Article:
Characterisation, potential toxicity and fate of storm water run-off from log storage areas of the Port of Tauranga.
Culliford, D. P. (2015). Characterisation, potential toxicity and fate of storm water run-off from log storage areas of the Port of Tauranga. (Thesis, Master of Science (MSc)). University of Waikato, Hamilton, New Zealand. Retrieved from https://hdl.handle.net/10289/9969
Permanent Research Commons link: https://hdl.handle.net/10289/9969
Stormwater run-off from industrial sources can impact the receiving environment by the discharge of toxic substances, nutrients, sediments or fresh water (in marine environments). The Port of Tauranga is New Zealand’s largest by cargo volume with untreated logs being one of the major exports. The port stores logs totalling up to 300,000 m3 with an average residency time of 18 days. Runoff from log storage areas can cause toxicity to aquatic life due to low pH, high organic solids content and associated BOD, and chemicals leached from timber such as resin acids. Metals and PAH’s from heavy vehicles and other machinery can also be present. At the port, stormwater collects from the storage areas into slot drains and is screened for larger particulates in screening chambers before discharging into Tauranga Harbour. Large rainfall events produce a visible, highly coloured plume extending across the main harbour channel. This study looks at compounds within the stormwater runoff and associated marine water samples and the toxicology of the effluent. It then focusses on the gradients of compounds found in sediments and biota in relation to the main discharge sources. This is followed with a more specific investigation of the bioaccumulation of resin acids in resident and transplanted mussels. It concludes with a comparison of low intertidal species assemblages within and outside the influence of the stormwater plume. Findings indicate that there are high levels of wood derived chemicals in the stormwater runoff and a gradient of quantities of these can be detected in nearby sediments, decreasing with distance from the discharge point of the effluent. Those compounds, such as metals, able to be quantified against national and international guidelines were well within acceptable levels. Others, such as resin acids, were found in lower quantities than in a previous study. A correlation between organics related to leachate from the logs, inorganic compounds found in the effluent and sediment grain size, indicates that some elements of the runoff may reach further into the harbour. The influence of dredging and disturbance of the seabed by shipping movements is considered in relation to this. Levels of organic compounds, related to the log storage in transplanted mussel populations, were not detected spatially or temporally and no evidence of bio-accumulation of resin acids was found. Based on the combined findings there are very low detectable effects on the marine environment from the runoff of the Port of Tauranga log storage areas. These come in the form of a gradient in chemical compounds related to the runoff and are well within the ANZECC (2000) Interim Guideline Levels. This study adds to the limited knowledge on log storage runoff into the marine environment and incorporates elements which can be applied to many areas of research related to stormwater discharge. It uses the Port of Tauranga runoff as a relevant example of issues and environmental responses related to urban and industrial stormwater runoff.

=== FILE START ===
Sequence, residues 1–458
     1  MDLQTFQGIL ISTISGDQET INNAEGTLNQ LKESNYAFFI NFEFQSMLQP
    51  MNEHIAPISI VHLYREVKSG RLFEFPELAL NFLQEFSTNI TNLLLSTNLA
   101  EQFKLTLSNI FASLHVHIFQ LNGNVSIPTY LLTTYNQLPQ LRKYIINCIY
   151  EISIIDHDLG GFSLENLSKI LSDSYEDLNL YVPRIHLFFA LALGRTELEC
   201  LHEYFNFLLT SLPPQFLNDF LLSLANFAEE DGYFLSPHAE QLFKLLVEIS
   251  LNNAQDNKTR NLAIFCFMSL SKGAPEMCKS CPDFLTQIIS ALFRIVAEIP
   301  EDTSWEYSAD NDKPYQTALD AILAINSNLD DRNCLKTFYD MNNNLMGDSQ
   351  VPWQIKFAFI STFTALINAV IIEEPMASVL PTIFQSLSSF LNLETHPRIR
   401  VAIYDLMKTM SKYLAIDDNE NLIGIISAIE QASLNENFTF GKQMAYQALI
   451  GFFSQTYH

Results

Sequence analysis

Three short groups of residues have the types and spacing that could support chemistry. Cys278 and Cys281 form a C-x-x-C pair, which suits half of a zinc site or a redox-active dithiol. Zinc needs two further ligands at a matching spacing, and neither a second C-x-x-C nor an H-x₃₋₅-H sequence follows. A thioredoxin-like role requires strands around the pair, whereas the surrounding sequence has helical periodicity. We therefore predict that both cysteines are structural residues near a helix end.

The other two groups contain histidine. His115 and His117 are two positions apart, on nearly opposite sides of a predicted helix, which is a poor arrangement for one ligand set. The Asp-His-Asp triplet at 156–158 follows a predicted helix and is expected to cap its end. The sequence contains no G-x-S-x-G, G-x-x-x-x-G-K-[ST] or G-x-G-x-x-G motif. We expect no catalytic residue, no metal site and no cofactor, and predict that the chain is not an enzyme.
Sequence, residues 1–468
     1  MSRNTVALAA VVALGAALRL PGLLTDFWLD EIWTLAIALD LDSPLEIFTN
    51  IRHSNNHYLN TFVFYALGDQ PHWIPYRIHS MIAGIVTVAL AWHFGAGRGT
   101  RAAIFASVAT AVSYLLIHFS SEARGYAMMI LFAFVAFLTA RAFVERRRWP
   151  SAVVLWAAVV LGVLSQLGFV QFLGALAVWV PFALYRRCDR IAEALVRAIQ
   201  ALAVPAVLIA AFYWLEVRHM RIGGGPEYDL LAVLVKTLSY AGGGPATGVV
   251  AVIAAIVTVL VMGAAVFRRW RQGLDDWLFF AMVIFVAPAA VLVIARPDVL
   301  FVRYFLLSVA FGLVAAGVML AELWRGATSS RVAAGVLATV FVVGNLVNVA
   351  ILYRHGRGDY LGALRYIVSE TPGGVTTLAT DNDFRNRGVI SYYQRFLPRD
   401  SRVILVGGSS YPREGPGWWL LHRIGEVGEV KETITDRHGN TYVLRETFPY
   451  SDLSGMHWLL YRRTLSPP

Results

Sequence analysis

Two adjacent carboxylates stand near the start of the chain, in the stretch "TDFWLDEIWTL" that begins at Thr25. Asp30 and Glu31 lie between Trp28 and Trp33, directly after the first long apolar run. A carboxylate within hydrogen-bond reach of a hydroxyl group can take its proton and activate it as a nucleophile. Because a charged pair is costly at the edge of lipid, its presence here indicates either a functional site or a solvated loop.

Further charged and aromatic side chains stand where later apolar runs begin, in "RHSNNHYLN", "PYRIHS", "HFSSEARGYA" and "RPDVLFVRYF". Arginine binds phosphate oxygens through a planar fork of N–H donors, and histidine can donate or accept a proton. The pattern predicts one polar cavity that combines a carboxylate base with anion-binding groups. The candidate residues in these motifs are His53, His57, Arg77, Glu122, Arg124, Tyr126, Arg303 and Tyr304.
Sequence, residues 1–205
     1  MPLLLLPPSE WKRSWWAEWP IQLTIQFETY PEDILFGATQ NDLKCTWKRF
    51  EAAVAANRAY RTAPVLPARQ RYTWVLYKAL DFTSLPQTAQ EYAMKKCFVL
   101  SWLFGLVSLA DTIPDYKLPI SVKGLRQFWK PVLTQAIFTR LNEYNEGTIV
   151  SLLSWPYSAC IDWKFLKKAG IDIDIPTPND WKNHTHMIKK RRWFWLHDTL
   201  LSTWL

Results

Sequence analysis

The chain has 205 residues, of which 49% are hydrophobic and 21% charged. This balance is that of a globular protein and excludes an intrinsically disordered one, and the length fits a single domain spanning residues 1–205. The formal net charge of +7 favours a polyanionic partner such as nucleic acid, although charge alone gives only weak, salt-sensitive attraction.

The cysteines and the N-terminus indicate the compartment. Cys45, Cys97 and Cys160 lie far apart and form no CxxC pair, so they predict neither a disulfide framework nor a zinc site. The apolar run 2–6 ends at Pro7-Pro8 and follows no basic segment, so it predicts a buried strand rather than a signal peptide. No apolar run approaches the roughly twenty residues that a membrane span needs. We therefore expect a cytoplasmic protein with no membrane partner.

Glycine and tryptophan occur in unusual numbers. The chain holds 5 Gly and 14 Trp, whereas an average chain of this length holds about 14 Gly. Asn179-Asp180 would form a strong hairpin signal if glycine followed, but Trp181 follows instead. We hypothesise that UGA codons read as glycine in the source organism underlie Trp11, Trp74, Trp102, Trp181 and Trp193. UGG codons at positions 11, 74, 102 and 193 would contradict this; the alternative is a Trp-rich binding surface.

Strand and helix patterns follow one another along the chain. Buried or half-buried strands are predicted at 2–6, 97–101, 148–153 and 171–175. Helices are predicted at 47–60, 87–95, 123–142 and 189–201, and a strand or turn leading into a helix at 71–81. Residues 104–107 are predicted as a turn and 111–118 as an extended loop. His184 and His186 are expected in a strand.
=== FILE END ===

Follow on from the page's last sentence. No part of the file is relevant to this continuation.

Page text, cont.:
University of Waikato
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